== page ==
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July 27, 2018
NRL cheerleader turned Accenture consultant
By: Madeline Atkins

The 2015 NRL Grand Final goes down as one of the greatest grand finals in rugby league, which ended with a dramatic golden point victory.

I was there on the field that day as one of the cheerleaders. It was my first year as part of the squad and running on to the field with a crowd of 82,000 fans was the greatest adrenaline rush of my life. To have the best seats in the house and be so close to the action made every gruelling training session worth it.

A few days later, still high from the buzz of the game, I came back to work at my full time job as an Accenture consultant.

Madeline Atkins

There are very few similarities between my hobby as a cheerleader and my career as a consultant but I believe the benefits of having a hobby that is completely unrelated to your job are numerous:

Keep your childhood dream alive

Not everybody is in the career they dreamed they would be in as a child. But having a hobby that’s completely unrelated to your work can help keep that childhood dream alive.

For me it was dancing. I’ve been a dancer since I was 3 years old and when I was little dreamed of being a professional dancer. After high school I moved to Melbourne and did a full time dance course - jazz, ballet, tap, contemporary and hip hop. It was a full on year but very rewarding. However, soon after that I made the decision not to pursue a career in dance and instead I finished my business degree and became a consultant.

Although I’m happy with my decision, I always knew that I wanted to keep up dancing in some form. So I auditioned and got a place on an NRL cheerleading squad.

Cheerleading is so different to what I do every day, and for me it’s holding on to that dream just a little bit. To have that one professional dance contract that I’m able to continue with while I pursue my consulting career helps to fulfil that other part of me – the more creative and active side of me.

Avoid burnout:

We train every Wednesday night and go to every home game which could be every second or third week between April and September.

Accenture emphasises the importance of avoiding burnout. My project leads are very much pioneers for the Truly Human movement so they encourage me to go to those training sessions and make sure I don’t stay back or get tied up in meetings late on a Wednesday. They have been hugely supportive and it’s been really helpful.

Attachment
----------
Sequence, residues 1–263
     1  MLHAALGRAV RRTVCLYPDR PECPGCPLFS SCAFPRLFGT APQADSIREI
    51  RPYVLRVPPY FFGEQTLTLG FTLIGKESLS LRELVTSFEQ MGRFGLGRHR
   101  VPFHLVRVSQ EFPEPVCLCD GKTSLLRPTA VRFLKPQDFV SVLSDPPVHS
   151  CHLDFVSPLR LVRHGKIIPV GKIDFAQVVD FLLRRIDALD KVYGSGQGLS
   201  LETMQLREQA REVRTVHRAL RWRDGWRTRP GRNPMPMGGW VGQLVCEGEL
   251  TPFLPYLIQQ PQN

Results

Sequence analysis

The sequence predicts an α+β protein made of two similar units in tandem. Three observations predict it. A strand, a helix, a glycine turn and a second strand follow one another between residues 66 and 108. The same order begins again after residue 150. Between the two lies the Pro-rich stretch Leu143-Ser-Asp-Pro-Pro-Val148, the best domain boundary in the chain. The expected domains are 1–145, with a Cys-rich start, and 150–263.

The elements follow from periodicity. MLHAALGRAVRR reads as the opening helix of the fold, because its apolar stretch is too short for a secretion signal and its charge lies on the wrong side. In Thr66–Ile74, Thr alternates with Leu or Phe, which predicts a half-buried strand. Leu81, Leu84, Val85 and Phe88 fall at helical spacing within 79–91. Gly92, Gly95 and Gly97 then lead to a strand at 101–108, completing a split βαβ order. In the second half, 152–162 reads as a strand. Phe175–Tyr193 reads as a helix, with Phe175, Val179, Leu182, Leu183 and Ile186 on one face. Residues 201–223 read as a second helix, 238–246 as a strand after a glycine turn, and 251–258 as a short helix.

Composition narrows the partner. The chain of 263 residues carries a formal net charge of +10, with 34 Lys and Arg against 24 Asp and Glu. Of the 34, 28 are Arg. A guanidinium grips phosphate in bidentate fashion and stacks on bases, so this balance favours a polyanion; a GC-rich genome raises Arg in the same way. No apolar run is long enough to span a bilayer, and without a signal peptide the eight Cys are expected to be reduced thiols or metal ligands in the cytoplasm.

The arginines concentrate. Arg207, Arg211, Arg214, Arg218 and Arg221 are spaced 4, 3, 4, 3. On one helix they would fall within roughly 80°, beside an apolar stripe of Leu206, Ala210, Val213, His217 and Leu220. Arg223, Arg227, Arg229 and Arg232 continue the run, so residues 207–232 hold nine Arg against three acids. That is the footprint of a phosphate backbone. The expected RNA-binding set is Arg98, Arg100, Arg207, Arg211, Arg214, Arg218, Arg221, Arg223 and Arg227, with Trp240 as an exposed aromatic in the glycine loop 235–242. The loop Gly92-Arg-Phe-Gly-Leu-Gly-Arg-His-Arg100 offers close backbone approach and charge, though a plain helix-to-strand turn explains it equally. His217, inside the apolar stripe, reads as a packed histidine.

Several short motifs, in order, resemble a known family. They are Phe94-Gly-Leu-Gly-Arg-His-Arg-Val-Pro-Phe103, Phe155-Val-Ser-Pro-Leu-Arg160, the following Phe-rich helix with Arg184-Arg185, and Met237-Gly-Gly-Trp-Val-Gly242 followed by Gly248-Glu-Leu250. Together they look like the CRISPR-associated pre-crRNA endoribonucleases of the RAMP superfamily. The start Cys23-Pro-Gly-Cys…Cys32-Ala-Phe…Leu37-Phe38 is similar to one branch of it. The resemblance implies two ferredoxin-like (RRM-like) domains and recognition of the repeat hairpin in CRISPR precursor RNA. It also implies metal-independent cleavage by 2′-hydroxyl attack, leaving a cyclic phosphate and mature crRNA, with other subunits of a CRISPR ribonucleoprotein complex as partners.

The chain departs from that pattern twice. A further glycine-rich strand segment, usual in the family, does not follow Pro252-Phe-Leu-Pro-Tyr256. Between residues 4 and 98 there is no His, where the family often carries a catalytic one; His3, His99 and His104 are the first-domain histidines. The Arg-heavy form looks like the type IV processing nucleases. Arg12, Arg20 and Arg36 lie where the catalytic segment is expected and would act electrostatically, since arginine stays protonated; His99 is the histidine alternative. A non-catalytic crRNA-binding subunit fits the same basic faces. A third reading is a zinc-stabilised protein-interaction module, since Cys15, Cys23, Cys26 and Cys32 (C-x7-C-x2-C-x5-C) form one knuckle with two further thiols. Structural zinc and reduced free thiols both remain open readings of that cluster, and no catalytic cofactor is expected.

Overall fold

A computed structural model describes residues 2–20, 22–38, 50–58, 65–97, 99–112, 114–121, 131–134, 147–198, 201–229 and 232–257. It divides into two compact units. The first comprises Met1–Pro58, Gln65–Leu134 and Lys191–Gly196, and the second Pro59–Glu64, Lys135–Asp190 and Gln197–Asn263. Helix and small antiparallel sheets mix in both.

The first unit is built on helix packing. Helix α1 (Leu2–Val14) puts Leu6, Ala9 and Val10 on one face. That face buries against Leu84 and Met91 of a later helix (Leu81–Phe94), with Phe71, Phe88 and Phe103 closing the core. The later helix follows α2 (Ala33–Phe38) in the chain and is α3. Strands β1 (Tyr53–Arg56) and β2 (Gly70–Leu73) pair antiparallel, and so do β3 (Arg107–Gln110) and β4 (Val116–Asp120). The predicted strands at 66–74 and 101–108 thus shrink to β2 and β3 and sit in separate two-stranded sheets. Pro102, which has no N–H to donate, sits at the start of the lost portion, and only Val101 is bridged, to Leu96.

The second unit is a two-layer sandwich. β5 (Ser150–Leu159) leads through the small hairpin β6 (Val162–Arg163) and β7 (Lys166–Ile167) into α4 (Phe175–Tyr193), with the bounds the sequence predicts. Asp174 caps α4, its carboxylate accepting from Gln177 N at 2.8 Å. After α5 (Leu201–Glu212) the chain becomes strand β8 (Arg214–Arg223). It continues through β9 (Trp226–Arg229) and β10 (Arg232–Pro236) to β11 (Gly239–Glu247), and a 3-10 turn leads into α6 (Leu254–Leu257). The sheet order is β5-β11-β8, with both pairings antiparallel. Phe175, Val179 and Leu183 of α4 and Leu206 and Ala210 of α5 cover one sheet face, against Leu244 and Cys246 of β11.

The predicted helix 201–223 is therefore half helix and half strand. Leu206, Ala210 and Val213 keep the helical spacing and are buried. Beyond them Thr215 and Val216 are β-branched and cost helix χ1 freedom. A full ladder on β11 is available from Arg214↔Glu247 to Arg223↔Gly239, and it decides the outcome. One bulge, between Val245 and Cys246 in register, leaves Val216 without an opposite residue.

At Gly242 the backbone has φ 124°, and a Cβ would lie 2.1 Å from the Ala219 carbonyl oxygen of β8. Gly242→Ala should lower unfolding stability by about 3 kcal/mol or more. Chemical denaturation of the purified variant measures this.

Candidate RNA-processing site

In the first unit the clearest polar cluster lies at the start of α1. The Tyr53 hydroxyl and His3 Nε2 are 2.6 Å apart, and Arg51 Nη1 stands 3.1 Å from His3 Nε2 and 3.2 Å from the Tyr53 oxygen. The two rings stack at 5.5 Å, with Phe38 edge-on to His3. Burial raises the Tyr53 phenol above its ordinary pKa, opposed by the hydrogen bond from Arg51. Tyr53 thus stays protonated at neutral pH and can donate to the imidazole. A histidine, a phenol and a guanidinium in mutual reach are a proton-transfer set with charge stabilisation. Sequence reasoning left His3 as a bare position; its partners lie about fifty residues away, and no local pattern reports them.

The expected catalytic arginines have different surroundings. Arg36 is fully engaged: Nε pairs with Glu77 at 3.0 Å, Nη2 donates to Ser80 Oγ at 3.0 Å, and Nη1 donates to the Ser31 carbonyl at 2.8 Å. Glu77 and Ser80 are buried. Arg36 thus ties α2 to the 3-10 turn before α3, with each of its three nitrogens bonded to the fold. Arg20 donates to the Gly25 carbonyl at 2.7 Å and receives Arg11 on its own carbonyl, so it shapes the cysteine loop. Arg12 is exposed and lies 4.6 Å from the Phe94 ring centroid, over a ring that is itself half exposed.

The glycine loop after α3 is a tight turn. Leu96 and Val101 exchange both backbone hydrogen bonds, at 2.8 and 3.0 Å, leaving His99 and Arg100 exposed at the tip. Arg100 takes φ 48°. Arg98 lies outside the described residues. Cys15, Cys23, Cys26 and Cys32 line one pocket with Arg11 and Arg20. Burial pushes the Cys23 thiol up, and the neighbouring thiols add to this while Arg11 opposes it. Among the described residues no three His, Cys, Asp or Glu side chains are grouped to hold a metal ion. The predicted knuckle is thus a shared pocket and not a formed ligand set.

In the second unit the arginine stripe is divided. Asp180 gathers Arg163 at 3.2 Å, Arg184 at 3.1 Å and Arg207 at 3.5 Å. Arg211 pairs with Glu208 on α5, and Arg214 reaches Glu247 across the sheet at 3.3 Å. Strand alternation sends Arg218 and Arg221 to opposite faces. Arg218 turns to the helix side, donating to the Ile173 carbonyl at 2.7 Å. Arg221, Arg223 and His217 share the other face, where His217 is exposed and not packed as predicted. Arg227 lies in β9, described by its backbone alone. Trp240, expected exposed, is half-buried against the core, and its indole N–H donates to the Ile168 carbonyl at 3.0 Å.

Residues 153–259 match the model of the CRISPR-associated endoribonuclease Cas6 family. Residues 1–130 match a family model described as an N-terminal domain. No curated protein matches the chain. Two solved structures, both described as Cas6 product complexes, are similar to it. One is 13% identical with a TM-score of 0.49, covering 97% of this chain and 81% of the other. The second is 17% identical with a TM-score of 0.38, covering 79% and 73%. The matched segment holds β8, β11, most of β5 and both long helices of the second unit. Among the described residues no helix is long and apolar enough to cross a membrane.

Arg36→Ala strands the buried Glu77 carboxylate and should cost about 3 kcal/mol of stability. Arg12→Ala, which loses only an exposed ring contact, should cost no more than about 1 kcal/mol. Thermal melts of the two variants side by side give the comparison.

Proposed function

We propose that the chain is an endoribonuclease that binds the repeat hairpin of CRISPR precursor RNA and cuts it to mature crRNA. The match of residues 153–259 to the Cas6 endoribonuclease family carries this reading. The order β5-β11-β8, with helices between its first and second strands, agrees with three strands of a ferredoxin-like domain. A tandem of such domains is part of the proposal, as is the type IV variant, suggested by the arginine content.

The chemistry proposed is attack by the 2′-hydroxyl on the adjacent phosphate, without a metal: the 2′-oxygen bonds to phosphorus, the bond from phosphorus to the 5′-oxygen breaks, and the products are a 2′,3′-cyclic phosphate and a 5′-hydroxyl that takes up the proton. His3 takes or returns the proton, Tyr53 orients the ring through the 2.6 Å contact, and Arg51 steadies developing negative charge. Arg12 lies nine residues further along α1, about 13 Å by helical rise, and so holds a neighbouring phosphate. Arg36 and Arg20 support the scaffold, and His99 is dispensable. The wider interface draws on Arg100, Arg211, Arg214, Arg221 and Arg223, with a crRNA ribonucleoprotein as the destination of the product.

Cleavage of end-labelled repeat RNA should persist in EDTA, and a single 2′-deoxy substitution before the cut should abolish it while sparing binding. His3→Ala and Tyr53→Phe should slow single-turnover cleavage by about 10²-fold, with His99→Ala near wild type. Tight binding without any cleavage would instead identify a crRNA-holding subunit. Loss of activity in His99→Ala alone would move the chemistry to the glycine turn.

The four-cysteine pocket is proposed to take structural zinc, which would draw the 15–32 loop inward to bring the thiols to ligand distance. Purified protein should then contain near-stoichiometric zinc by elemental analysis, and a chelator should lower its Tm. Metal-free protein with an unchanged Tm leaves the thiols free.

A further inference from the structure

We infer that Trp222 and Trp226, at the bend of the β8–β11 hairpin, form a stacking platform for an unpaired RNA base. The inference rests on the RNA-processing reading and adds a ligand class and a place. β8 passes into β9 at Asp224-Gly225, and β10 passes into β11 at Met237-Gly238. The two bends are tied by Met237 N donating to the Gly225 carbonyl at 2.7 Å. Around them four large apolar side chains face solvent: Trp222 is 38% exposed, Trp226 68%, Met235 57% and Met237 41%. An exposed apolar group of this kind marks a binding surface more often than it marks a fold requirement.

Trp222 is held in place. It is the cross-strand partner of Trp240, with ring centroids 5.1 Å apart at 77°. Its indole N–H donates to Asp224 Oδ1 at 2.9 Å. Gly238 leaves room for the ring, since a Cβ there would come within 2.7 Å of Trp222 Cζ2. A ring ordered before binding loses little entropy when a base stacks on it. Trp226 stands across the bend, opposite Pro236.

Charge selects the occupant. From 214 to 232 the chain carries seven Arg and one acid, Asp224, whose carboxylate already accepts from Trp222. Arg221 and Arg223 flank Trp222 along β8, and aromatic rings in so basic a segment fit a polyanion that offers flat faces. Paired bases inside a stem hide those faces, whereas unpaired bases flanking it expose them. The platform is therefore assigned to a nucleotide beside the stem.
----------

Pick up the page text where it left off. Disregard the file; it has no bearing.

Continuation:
Having that ‘other thing’ about you that is not just your job is important. If you have training or a class one night per week and everyone knows you leave on time that day, it’s a deliberate day in your calendar where you break from work – no matter how busy. MDs and senior managers within Accenture have days when they go to Yoga or on a run and they emphasise how it’s an important habit to get into to help achieve better work life balance.

I made my project leads aware of my what my cheerleading commitments would be even before I auditioned. Everyone has been very encouraging and it hasn’t been a problem so far.

Photo of Madeline in the snow

Clear the mind

Focusing on a hobby is a great way to give your brain a break from work and clear the mind. Doing something creative or active will get the other side of the brain working. When your mind is focused on something you really enjoy or find fun it’s likely to start thinking more creatively, which in turn can help you focus when you are back in work.

Since joining Accenture I’ve had some challenging roles and projects within management consulting in Government with some of the projects involving extensive travel.

So to have the release and outlet of cheerleading has been so important for me and I hope to continue while also pursuing my consulting career.

Although cheerleading might not be for everyone, I’d encourage everybody to have a fun hobby to focus on outside work – the benefits are huge.

Madeline posing for a picture

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